Chasing affordability

Andy Rice looks at a new initiative to freshen up the International 14 scene

The International 14 has never been a cheap boat. Twenty years ago, not long after the introduction of twin trapezes and asym - metric gennakers, a Morrison-designed 14 built by Jon Turner cost £14,000. £1,000 per foot of carbon fibre raceboat. Twenty years later the price of a top-flight 14 has almost doubled – a professionally built, ready-to-race 14 costing around £25- £27,000. This is probably not that far out of line with inflation, but numbers in the fleet have dwindled compared with the heyday of the late 1980s and early ’90s.

It was in the late ’80s that the International 14s joined forces with the Australian 14ft skiff class, organising a combined world championship in San Francisco in 1989 before the Aussie 14s were fully merged into the International 14 fleet. Despite the high cost of the boat the 14 class’s pioneering move into twin-trapezing and asymmetric gennakers attracted huge numbers to the startline of major regattas. If you wanted high-performance thrills the 14 really had no competition.

But since then we have seen a massive growth of one-design twin-trapeze classes, starting with the Laser 5000 and Topper Boss which have since fallen by the wayside, and later with the 49er, the RS800 and a few others besides. The 14 has also lost its mantle as the biggest thrill ride in dinghy sailing, with the International Moth claiming the kind of numbers and high profile that the 14 enjoyed 20 years earlier.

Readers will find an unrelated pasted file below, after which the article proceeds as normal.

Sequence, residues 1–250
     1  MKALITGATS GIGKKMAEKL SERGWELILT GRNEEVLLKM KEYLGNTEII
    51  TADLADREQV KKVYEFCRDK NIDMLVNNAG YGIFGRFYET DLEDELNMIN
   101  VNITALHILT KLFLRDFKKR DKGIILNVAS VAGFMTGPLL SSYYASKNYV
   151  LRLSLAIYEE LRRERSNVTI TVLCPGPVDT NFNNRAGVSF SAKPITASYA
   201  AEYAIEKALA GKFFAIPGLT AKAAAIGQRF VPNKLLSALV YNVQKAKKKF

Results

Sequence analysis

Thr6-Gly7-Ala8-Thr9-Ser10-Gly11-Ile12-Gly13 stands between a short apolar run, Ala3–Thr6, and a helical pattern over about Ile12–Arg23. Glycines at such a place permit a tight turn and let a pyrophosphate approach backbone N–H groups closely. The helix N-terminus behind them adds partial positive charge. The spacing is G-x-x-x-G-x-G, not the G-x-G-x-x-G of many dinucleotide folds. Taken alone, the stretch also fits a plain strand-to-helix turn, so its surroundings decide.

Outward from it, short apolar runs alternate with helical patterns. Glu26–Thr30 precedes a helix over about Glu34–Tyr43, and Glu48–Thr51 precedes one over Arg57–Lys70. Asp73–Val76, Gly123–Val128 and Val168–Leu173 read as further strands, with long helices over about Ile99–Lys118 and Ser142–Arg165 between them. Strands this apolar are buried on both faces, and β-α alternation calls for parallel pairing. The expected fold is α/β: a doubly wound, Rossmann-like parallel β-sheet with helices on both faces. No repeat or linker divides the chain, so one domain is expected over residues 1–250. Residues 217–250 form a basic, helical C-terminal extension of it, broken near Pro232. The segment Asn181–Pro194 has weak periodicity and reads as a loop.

So what to do? Take the bold step of turning the T-foil ruddered 14 into a fully foiling beast like the Moth? The Moth is not a cheap boat, but as a foiler it is virtually unchallenged. Apart from a few oneoff experiments with foils on 14s and 49ers, there is no doublehanded foiler on the market. The 14 could claim that space. But would it make a challenging boat too intimidating for all but the bravest of sailors to contemplate?

For the time being the class has decided to stay away from full foiling and is focused on incremental developments such as weight reduction, with wider wings and taller rigs also being discussed. Recent years haven’t seen any major changes, with Archie Massey winning the last four world championships in a modified Bieker 5 design that he first sailed in 2006. But Massey’s boat was from a short construction run of just a few boats, and the UK fleet decided it needed a new ready-to-go package at an affordable price.


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